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Kakamega and Meru counties scoop top national honours after producing the best candidate and school respectively

EDUCATION
By Agustine Oduor | November 22nd 2017
From left: Chweya Kenani, Loise Kibue, Hope Akola (partly hidden), and Claire Muthoni are carried shoulder-high by staff and parents at Makini School. They scored 433, 428, 427, 443 and 444 marks respectively [Jonah Onyango|Standard]

Private schools posted the best results in this year’s Kenya Certificate of Primary Education (KCPE) exam at the Coast.

Reports indicated Bethany Christian Academy in Kwale County emerged the second best school nationally. The 15 candidates in the school had a mean score of 416.

Mombasa’s Busy Bee Primary School was also among the best, producing Glens Sewe who scored 436 marks. The school that had 21 candidates recorded a mean score of 395 marks.

Nguya Teddy Nyale, who sat the exam at Ganjoni Primary School, a public institution in Mombasa, scored 427 marks.

Other well-performing schools were Light Academy, St Kevins of Mombasa and Mwatate Jnr Preparatory School in Taita Taveta.

National honours 

Nationally, Kakamega and Meru counties scooped top national honours after producing the best candidate and school respectively in this year’s KCPE exams. 

Goldalyn Kakuya of St Anne Lubao in Kakamega County scored 455 out of 500 marks to emerge the top candidate nationally in the Kenya Certificate of Primary Education (KCPE) examination results released yesterday.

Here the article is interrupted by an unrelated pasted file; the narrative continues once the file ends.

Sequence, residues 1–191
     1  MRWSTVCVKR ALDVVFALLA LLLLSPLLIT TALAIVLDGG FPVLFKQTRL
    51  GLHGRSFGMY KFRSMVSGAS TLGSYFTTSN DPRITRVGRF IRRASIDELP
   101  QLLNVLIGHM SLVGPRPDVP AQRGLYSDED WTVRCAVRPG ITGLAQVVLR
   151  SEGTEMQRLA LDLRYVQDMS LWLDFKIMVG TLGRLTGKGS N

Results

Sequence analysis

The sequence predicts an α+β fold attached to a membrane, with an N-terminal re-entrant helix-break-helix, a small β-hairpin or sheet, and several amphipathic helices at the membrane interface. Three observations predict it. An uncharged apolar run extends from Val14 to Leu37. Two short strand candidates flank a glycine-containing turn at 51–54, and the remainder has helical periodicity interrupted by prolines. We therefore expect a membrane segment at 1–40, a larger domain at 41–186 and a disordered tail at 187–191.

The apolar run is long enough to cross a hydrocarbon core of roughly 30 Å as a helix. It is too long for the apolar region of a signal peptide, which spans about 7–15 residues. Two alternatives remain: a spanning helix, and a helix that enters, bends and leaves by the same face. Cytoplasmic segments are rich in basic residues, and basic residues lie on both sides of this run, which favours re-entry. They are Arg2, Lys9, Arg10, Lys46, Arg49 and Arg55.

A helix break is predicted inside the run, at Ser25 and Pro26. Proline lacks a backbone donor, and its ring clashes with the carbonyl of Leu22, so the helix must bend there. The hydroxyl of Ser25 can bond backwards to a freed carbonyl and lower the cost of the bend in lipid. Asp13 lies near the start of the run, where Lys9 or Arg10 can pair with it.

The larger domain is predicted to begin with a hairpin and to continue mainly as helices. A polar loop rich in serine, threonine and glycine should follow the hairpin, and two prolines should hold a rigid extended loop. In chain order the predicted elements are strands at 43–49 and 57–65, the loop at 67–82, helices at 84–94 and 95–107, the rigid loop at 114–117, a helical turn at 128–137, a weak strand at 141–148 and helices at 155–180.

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Kakuya beat the second candidate with eight marks, maintaining the county’s pride of producing the top candidate for the third year in a row.

Murega Sharon Nkatha of Kathigiri Boarding School in Meru County scored 447 marks to emerge the second best candidate overall. Four candidates scored 446 to tie in position three nationally.

Mwangi Eugene Mburu of Effort Junior academy, Okuthe Mary Giovanni Tonnuci of Chumo Education Centre, Chaka Ruth Mose of Bethany Christian Academy and Amboka Victor Wanyungu of St Mary’s Ruaraka all scored 446 marks.

Overall, Freds Academy in Meru County, which registered 55 candidates, emerged the best school nationally in the 2017 KCPE examination results, posting a mean score of 419.

Bethany Christian Academy of Kwale County with 15 candidates was the second best school nationally, posting a mean score of 416.